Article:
A few weeks ago a group of us collected outside the shops at Bryn Cross, to undertake a field walk along the line of the supposed Roman road running from Warrington to Wigan. The route is well known in this area as it is shown on all OS maps crossing the land between Bryn Road and Landgate Lane (known locally as Sparrow Fields). Excavations on the other side of Bryn Road in the 1990's by the GMAU, also identified the road on this alignment.
It's over two years now since the property developers, Greenbank, were given outline planning permission to build 465 homes, a supermarket and by-pass on the 24 acre site. Since then serious objections from local residents, spearheaded by BAD (Bryn Against Development), have been raised and it appears the whole scheme is stuck in a period of consultation, while detail planning is in progress. From our point of view, the concern is that the application, which was subject to conditions, is taking into account the potential for unrecorded heritage assets on the site; in other words the Roman road. This potential was specifically identified in a DBA (desk-based assessment) commissioned by the Council and carried out by Wardell Armstrong Archaeology in August 2013. Their researches also identified other potential archaeological features, such as ancient settlements seen on Yate's map of 1786. These are centred on Sougher's Lane and Park Lane/Land Gate, where clusters of properties and a chapel can be see. Land Gate Farm, now demolished, was also identified as potentially having earlier origins.
Our particular interest is, however, the Roman road and Andy Wilcock has recently been looking at LiDAR images of the area and has identified a possible ridge with ditches on either side. This gave us the incentive to have another look at map overlays, to see exactly where the road is supposed to have run and if anything could be seen on the latest aerial photos. Along most of the line nothing can be detected on either Google Earth or Bing Maps. However on the section crossing the playing field on the south side of the site, a distinct brown patch can be seen on the projected line of the Roman road. This was the target of our visit last month along with the features identified on the LiDAR images. It was a fine sunny day and having made our way across the playing field we entered the fields overlooking the Landgate valley. Drainage ditches were evident on either side of the suspected line, but a bank or 'agger' could not be detected. Most of the ground is uneven due to ploughing and it would be difficult to do a GPR survey. On our return however we noticed the playing field was perfectly flat presenting an ideal subject for a geophysics survey (we also looked for the brown patch shown on the aerial photo but none could be seen). Hopefully in the near future we will be able arrange something here to confirm the line of the Roman road. Although this would not stop any planned development, it would at least add more weight for it to be excavated and recorded before the evidence is lost forever.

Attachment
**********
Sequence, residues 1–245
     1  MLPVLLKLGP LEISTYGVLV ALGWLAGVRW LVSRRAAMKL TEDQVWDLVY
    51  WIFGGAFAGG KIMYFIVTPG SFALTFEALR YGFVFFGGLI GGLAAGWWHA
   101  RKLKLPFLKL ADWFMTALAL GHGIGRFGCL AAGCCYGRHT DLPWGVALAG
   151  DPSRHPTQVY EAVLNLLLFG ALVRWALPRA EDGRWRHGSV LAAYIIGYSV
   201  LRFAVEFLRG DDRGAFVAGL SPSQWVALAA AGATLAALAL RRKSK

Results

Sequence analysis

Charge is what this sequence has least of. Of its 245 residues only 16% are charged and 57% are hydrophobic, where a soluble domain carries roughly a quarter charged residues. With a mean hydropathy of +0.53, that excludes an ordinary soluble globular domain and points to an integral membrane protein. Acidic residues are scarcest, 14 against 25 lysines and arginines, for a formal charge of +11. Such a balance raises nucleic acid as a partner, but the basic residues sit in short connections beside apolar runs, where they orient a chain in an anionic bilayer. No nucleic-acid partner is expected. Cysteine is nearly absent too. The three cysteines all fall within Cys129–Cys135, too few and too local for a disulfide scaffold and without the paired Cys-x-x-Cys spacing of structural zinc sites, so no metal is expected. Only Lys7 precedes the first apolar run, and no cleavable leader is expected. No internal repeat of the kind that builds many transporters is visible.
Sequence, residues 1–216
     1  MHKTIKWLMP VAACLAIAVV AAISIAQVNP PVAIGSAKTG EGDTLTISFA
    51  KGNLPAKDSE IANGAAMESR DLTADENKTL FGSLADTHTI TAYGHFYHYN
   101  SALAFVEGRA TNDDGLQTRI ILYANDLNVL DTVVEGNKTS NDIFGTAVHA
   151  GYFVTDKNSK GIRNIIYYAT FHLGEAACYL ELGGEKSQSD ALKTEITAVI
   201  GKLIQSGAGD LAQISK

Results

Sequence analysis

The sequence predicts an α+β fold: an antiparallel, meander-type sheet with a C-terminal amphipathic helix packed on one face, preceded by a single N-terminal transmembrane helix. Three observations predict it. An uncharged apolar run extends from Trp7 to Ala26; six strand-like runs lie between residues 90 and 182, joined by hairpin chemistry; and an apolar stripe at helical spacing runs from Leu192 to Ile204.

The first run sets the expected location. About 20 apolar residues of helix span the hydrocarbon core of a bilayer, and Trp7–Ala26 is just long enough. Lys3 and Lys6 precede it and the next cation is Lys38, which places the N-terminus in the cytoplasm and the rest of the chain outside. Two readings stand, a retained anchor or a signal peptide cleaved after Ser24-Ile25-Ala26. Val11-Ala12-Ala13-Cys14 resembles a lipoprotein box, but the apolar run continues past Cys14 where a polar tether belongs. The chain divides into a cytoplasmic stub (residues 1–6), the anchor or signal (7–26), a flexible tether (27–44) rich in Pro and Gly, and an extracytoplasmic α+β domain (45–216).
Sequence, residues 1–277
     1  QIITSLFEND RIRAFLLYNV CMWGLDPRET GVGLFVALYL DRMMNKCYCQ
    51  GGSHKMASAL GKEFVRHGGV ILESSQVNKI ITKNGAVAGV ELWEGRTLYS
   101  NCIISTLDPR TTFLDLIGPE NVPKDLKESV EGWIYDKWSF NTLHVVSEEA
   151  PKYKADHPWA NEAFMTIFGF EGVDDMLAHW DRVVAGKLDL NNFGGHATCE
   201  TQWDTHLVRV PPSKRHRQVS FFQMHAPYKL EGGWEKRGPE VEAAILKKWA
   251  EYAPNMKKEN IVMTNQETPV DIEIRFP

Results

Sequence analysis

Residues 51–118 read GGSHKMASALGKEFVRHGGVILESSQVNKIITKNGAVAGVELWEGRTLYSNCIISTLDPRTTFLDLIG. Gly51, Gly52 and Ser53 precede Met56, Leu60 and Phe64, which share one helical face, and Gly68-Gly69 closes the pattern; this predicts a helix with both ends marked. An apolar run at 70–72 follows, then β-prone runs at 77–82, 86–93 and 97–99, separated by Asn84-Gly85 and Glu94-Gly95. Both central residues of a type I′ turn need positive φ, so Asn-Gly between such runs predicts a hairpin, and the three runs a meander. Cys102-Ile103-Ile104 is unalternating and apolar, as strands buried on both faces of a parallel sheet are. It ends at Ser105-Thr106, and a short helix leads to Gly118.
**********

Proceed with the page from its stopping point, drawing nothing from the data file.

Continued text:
Wednesday 7th December. - This month it is our Christmas meal at the Brocket (which you need to have booked for). Please note the starting time is 7.00pm. If you have not booked for the meal, you can still come to the quiz night after the meal (the quiz will start around 8.00pm). Hope to see you then - BA